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Probate Of A Will

Updated on:  

08 min read

Will is a legal document that specifies the person’s intention and wishes, which needs to be performed after his/her death. The maker of the will is known as the testator/testatrix, and it can be revoked only during his/her lifetime.

Probate is defined under the Indian Succession Act, 1925 as –  “A copy of will certified under the seal of the court of competent jurisdiction with a grant of administration of the estate of the testator”.

The person who makes a will expresses his wishes to be executed after his death by certain persons named in the will. The persons named in the will to execute it are called its executors.

Probate can be granted only to the executor of the will. It is necessary if the will is for immovable assets in multiple states. Probate is conclusive proof that the will was executed validly, is genuine, and is the deceased’s last will.

What are the circumstances under which probate is mandatory?

Under the Indian Succession Act 1925, probate is mandatory under the following conditions-

  • A will within the geographical limits of the state of West Bengal and municipal limits of the metro cities of Chennai and Mumbai.
  • The above rule of mandatory probate is applicable if the will is made by a Hindu, Jain, Sikh, or Buddhist.
  • It is worthy to note that the above rule applies to a will that does not deal with any immovable property.

Although the probate of the will is not mandatory in all other cases, it is advisable to obtain probate in cases where there is a probability of the validity of the will being challenged on any grounds in the future.

How to apply for probate of a will?

The following is the process for obtaining the probate of a will-

  • The executor of the will is required to file a petition and the original will to the court for grant of probate. In the petition, the executor (who will be the petitioner in the case) has to mention the names and addresses of the deceased’s legal heirs so that notice can be issued to them.
  • The executor will have to pay the applicable court fees depending upon the value of the assets.
  • The petition must be filed before a competent court. The pecuniary jurisdiction (Jurisdiction of the court depends on the petition’s monetary value) may require a higher court to issue probate for high-value immovable assets through an advocate.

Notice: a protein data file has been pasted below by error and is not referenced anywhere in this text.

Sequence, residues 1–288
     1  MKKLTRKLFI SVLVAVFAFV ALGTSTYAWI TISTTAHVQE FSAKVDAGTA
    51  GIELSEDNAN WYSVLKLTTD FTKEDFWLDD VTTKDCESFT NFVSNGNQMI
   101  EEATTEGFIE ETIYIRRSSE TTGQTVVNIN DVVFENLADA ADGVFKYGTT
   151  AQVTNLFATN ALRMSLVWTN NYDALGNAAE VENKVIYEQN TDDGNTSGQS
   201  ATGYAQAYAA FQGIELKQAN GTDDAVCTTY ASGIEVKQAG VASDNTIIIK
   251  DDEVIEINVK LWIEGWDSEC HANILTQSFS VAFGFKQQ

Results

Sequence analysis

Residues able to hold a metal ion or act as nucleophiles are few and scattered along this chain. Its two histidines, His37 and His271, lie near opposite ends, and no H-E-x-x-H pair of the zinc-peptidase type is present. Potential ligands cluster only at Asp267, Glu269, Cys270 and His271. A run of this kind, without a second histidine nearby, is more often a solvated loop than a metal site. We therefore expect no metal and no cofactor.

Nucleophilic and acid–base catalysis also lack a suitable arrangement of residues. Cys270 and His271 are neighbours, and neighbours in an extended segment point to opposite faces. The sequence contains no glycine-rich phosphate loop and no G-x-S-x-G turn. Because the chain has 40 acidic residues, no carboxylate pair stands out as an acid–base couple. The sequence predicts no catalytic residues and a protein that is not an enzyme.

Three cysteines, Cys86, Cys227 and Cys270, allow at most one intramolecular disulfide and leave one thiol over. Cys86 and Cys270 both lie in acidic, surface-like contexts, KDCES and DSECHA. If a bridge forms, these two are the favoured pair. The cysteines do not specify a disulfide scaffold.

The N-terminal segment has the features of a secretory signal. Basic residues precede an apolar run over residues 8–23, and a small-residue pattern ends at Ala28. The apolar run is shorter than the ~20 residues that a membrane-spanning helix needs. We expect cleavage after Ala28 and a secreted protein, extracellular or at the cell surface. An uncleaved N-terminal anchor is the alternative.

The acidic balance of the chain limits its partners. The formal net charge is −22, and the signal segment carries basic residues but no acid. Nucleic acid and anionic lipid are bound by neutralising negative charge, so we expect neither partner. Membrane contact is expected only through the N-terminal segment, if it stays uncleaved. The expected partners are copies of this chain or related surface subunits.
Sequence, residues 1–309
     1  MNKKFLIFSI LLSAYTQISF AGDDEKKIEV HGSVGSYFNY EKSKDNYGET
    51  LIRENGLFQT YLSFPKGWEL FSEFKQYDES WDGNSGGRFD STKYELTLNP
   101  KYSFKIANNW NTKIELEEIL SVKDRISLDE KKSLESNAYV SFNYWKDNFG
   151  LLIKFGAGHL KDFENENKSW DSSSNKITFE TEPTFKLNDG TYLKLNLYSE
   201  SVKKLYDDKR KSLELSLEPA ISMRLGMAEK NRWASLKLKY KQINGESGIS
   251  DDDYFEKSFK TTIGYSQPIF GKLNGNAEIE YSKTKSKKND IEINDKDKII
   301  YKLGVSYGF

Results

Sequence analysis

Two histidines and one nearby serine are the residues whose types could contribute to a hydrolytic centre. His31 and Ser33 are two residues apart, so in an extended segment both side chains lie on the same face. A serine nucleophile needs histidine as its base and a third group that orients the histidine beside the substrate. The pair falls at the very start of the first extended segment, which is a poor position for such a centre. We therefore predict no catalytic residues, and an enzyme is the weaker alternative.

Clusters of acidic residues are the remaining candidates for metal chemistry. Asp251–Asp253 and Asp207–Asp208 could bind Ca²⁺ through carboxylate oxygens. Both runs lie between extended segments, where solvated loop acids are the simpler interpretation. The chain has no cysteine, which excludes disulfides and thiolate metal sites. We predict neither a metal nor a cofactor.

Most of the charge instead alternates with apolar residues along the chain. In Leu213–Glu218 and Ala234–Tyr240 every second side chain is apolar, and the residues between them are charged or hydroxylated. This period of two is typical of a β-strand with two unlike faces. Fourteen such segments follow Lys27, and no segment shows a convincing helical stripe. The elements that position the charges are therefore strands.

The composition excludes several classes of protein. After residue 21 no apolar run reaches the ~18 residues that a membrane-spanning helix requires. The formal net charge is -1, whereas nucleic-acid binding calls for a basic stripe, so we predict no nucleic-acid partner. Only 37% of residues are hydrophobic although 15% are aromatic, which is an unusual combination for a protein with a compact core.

• The next step is that the court asks the petitioner to establish the testator’s proof of death, proof that the testator’s will has been validly executed and confirm that this is the last will of the deceased.
  • Next, the court calls for objections by issuing notice to the next of kin of the deceased to raise objections, if any, and also orders the publication of a citation of the probate petition on board to notify the general public.
  • If there are no objections, then the court grants the probate.
  • If there are objections, then the probate petition becomes the original suit, and the parties will have to lead evidence and argue the matter. The court will pass judgment in the probate suit based on the evidence and arguments.

The cost of obtaining probate varies from state to state as the District Court grants it. The fees depend on the value of the assets, which are the subject matter of the petition. In addition to court fees, the petitioner also has to bear the lawyers fees. These costs will be borne out of the estate of the deceased.

Disclaimer: The materials provided herein are solely for information purposes. No attorney-client relationship is created when you access or use the site or the materials. The information presented on this site does not constitute legal or professional advice. It should not be relied upon for such purposes or used as a substitute for legal advice from an attorney licensed in your state.

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